Four centuries after the original Mayflower sailed to the New World, an autonomous ship will re-create the journey, guided by inertial measurement technology from Silicon Sensing Systems Ltd. Two ultra-precise AMU30 inertial measurement units will provide critical navigation to the Mayflower Autonomous Ship’s autopilot during its milestone trans-Atlantic voyage this autumn, said Plymouth, U.K.-based Silicon Sensing.
Setting sail this September, the 15 meter-long, 5-ton Mayflower Autonomous Ship (MAS) will repeat the Mayflower’s Pilgrim voyage of 400 years ago. Led by nonprofit marine research organization ProMare and powered by IBM, she will sail from Plymouth, England, to Plymouth, Mass. Instead of a captain and crew, MAS400 will use computer vision, machine learning, edge technologies, and sensors to navigate and detect hazards.
Traveling at a maximum speed of up to 12 knots, MAS is expected to take just 12 days to reach the coast of Massachusetts — a fraction of the 66 days that 102 passengers and 30 crew spent during the original voyage. The ship will also function as a scientific laboratory. Onboard sensors will transmit data for critical research programs in areas such as maritime cybersecurity, marine mammal monitoring, ocean micro-plastic analysis, and sea-level mapping.
Birmingham’s Human Interface Technologies (HIT) Team is leading the development of a Mixed Reality Telepresence Science Station, which will allow schoolchildren and members of the public around the world to experience the trans-Atlantic mission. The University of Plymouth Marine Institute is also contributing to the project. Silicon Sensing will discuss MAS400 at Stand A307 at Oceanology International in London on March 17-19, 2020.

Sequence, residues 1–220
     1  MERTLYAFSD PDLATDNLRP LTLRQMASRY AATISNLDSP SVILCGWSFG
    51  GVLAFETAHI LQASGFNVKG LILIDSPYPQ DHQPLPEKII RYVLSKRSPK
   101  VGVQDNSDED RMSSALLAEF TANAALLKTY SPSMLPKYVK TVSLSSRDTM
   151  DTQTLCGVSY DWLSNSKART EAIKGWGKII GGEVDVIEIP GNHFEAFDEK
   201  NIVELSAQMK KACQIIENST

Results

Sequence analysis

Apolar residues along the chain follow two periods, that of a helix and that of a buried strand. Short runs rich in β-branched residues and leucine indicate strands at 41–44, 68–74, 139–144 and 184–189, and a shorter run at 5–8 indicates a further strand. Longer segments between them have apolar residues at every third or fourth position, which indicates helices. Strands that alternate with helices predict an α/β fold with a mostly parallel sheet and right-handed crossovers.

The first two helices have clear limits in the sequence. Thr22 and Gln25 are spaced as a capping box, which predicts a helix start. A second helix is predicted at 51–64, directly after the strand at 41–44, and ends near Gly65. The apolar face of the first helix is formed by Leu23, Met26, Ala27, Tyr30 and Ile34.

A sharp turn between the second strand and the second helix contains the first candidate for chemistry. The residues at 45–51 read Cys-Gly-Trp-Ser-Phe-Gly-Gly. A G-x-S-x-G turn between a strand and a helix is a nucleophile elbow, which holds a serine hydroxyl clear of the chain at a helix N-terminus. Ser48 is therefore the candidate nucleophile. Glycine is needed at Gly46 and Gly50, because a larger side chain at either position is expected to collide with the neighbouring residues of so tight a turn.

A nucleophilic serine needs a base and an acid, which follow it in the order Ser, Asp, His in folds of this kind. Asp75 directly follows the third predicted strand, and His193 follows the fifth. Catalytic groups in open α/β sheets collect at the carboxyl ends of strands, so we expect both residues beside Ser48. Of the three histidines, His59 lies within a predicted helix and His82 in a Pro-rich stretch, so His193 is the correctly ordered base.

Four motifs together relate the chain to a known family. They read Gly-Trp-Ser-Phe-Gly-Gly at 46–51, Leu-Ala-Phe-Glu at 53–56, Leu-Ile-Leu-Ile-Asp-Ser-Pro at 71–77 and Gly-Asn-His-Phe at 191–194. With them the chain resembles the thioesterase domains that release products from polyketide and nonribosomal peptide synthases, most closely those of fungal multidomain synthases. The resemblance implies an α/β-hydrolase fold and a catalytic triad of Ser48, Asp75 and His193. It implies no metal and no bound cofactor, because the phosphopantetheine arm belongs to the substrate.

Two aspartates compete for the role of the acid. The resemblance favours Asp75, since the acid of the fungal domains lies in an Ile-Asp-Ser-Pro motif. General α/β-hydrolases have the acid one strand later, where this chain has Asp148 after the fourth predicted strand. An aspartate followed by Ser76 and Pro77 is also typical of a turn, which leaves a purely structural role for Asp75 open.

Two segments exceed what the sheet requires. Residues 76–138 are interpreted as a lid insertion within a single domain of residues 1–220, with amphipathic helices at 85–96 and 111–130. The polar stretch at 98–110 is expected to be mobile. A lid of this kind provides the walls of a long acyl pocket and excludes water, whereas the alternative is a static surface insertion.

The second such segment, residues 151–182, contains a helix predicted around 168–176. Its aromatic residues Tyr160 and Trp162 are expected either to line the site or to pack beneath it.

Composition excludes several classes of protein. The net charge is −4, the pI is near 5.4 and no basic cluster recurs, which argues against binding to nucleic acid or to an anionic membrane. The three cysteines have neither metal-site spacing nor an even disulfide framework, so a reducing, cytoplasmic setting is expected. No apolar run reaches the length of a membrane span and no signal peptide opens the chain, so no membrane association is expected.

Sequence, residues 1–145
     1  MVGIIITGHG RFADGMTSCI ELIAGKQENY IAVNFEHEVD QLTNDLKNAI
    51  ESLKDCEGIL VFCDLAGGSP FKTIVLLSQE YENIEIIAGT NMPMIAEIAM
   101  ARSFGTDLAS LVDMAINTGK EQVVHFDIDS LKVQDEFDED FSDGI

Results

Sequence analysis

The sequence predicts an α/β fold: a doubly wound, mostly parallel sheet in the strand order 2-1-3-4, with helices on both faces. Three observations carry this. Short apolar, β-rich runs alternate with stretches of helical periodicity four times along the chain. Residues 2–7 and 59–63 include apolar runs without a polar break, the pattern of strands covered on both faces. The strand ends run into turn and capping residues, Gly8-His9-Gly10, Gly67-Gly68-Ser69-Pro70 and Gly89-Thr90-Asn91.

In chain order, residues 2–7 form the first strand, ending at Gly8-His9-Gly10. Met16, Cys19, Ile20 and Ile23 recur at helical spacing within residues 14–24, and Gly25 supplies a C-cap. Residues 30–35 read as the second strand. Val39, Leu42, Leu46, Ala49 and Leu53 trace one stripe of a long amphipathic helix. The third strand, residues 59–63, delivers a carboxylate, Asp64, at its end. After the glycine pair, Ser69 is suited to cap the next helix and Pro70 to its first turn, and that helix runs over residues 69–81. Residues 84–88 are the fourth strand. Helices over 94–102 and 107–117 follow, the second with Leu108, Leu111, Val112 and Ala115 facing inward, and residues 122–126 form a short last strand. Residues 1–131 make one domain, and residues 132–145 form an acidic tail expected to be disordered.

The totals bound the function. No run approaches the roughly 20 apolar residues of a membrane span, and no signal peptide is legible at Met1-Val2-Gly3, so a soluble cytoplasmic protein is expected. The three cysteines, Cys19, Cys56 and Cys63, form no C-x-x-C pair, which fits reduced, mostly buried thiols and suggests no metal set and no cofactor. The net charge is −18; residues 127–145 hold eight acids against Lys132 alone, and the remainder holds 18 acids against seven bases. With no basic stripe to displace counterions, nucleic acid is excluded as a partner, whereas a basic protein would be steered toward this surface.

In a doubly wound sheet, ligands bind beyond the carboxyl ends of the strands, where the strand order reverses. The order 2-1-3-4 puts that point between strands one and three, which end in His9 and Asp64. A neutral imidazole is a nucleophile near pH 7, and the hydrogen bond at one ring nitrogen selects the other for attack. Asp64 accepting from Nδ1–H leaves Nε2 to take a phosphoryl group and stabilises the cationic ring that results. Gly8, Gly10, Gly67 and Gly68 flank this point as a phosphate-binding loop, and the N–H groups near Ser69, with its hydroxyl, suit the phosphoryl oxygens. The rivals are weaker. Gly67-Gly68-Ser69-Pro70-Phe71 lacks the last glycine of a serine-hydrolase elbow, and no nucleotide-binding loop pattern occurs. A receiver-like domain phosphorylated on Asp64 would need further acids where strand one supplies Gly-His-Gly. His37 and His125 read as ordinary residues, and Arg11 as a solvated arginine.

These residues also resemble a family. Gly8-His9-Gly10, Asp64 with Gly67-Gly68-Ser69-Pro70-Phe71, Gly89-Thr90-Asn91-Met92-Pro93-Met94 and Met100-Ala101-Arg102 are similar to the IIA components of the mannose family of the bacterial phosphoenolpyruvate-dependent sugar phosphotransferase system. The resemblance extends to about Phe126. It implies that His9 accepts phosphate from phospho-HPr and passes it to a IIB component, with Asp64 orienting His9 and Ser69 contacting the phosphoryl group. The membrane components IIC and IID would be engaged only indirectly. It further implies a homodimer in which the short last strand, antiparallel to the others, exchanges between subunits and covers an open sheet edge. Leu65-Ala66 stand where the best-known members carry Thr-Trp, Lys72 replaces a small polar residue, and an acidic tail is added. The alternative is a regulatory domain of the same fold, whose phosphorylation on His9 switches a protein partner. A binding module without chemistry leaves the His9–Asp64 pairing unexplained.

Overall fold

Silicon Sensing to provide vital data
Silicon Sensing was formed in 1999 and is jointly owned by Collins Aerospace and Sumitomo Precision Products. The company said it is a market leader in silicon, micro-electro-mechanical systems (MEMS)-based navigation and stabilization technology. Silicon Sensing has sold nearly 30 million MEMS gyroscopes and accelerometers to thousands of customers since its formation.
The company said its AMU30 sensing devices will form two vital units within the autonomous vessel‘s navigation suite, constantly delivering precise 3-axis data on angular rate and acceleration plus roll, pitch and heading angles, altitude and pressure, and temperature to the ship’s autopilot.
“We are an official sponsor of this inspirational project and have been contributing our technical expertise for a number of years now,” stated Steve Capers, general manager of Silicon Sensing. “The MAS400 represents a new generation of research ships that will further humanity’s understanding of the ocean. This vessel pushes the boundaries of 21st century marine technology, whilst also being at the heart of the Mayflower anniversary celebrations, based in Silicon Sensing’s home town — Plymouth, U.K.”
AMU30 combines capabilities for new applications
Silicon Sensing said the AMU30 is its first product to combine high-performance MEMS inertial measurement unit (IMU) with a full attitude and heading reference system (AHRS). The device includes a proven 10 degree-of-freedom IMU with a three-axis magnetometer, a pressure sensor, and a sophisticated AHRS algorithm.
This new device has been developed to replace far heavier, larger, and more costly fiber-optic, gyro-based devices, according to Silicon Sensing. It will delivering all-MEMS inertial performance, including exceptional bias stability and low noise characteristics, with a proven, embedded Kalman Filter based AHRS algorithm, said the company.
“An evolution of our established devices, we believe AMU30 has immense potential in applications as diverse as hydrographic surveying, maritime guidance, airborne surveillance, terrain mapping, machine control, inertial navigation and GPS drop-out aiding — and here in autonomous vehicle control,” explained Capers. “As a Plymouth-based operation, we are particularly proud that data from our latest device will help guide this truly impressive vessel.”